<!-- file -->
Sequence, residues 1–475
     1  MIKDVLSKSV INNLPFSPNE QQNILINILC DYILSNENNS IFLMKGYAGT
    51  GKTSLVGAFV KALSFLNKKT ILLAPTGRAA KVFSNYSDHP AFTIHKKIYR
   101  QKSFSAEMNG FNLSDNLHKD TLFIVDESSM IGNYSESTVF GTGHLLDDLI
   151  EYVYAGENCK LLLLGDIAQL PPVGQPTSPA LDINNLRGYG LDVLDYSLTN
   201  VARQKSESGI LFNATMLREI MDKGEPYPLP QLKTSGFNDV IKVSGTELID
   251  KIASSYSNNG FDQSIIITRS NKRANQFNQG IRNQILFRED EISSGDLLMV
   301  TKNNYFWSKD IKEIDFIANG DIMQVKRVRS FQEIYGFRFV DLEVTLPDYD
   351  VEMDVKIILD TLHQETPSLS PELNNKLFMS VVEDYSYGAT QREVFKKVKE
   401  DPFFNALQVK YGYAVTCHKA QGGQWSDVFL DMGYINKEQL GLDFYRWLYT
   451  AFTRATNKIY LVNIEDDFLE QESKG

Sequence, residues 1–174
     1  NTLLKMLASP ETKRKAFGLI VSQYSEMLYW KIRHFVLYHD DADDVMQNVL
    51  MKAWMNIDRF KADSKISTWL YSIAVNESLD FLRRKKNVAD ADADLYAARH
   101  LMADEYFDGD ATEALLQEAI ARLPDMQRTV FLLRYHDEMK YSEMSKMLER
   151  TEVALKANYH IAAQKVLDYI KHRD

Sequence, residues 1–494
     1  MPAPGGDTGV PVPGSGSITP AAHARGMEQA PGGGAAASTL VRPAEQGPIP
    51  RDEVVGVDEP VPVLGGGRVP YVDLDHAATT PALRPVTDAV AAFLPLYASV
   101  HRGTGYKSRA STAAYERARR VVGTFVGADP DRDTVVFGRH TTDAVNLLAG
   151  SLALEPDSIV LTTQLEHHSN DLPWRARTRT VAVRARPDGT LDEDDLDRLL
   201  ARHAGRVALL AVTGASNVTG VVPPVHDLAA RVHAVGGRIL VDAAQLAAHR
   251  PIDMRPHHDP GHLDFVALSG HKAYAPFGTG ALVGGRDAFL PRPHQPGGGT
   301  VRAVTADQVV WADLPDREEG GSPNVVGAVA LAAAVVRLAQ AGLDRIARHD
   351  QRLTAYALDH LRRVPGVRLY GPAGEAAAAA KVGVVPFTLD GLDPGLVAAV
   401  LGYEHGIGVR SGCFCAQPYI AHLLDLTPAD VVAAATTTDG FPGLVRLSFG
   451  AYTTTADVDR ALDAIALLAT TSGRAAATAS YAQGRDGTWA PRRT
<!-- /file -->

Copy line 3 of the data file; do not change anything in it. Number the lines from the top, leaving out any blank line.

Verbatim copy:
    51  GKTSLVGAFV KALSFLNKKT ILLAPTGRAA KVFSNYSDHP AFTIHKKIYR